The Cat Returns is, to my knowledge, the only semi-sequel feature film that Studio Ghibli has ever put out (ignoring shorts made for museums). It’s also one of the small number of films put out by Studio Ghibli that aren’t directed by Isao Takahata or Hayao Miyazaki. The film was directed by Hiroyuki Morita, as part of an initiative at Ghibli introduced by Miyazaki as an attempt to groom new directors so the studio isn’t dependant on Takahata and Miyazaki, so when they retire, the studio could go on.
If your response to that last sentence is “Didn’t Ghibli shut down when Miyazaki retired?” then you know exactly what came of that initiative. I don’t know if this was due to internal politics where Miyazaki wasn’t happy with the directors who came out of this project, Miyazaki being a general curmudgeon, or what? Takahata, on the other hand, in spite of my general comments about him and his work in my article about Akira, seems to be okay with younger animators directing films at Ghibli – as the decision to shut down seems primarily driven by Miyazaki, without any feedback by Takahata.
Anyway, as far as the film itself goes – this is probably the most conventionally “anime” film that Ghibli has ever done. This isn’t a slight against the film, by any means. It’s just that most Ghibli films, especially those from Miyazaki, tend to be more pastoral in their settings while most anime (that is set in Japan) tends to be metropolitan (even historical pieces like Rurouni Kenshin). This film, is instead in modern Japan, and most likely in Tokyo.
Just to put an underline on how more conventional anime this film is, the opening of the film is our protagonist, ordinary high school girl Haru Yoshioka, waking up late, quickly getting getting ready for school, but not having enough time to leave breakfast. This leads to her racing downstairs, and seeing her mother eating breakfast of a fried egg on toast, with a similar dish waiting for her, setting up the archetypal anime shot of female protagonist running to school while trying to eat a piece of toast – before she decides to leave without the toast. While this is a subversion of that bit – the key is that Takahata or Miyazaki wouldn’t even go that far.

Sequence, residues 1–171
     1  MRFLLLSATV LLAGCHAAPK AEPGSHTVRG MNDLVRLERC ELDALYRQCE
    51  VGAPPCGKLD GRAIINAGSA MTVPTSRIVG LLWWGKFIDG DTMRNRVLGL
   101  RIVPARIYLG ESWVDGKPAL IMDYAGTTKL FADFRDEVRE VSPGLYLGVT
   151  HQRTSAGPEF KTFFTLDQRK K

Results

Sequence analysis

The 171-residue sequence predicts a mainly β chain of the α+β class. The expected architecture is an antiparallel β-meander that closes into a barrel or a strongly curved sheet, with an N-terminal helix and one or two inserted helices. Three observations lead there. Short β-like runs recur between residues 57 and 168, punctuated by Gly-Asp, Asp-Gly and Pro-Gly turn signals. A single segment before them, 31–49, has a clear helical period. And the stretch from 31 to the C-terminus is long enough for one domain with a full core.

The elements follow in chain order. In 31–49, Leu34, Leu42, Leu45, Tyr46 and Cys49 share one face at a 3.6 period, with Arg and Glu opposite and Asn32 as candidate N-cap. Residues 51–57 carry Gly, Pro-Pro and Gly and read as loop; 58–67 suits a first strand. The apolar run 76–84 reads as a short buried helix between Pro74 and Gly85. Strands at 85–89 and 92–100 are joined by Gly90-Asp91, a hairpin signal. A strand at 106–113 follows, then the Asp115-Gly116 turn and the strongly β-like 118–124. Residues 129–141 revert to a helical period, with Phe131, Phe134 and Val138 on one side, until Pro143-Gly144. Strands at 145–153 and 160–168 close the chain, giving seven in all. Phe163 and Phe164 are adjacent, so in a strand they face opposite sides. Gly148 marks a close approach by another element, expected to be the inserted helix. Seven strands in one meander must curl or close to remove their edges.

This goes on with most of the character designs as well – they have some of the slightly larger eyes you see in more conventional anime characters, as opposed to most of Miyazaki’s other films where the characters are less stylized (aside from Castle of Cagliostro, where aside from Fujiko Mine who is almost unrecognizable compared to her other appearances, the Lupin crew retained their conventional designs)
It reminds me a lot of Your Name., where that film lead to a lot of people lauding Makoto Shinkai for being “the next Miyazaki”, when all things considered, his film is a lot more conventionally anime in terms of style and settings.
Where the story kicks off is Haru sees a cat (carrying a parcel) while walking home with her friend. When said cat goes to cross the street and is nearly run over by a truck, Haru grabs her friend’s Lacrosse stick and runs in front of the truck, scooping up the cat, and evading either certain death or ending up in an isekai story. The cat then stands up, and thanks her for saving him, says that he’s a Really Big Deal back in the cat world, and she’ll be rewarded for this.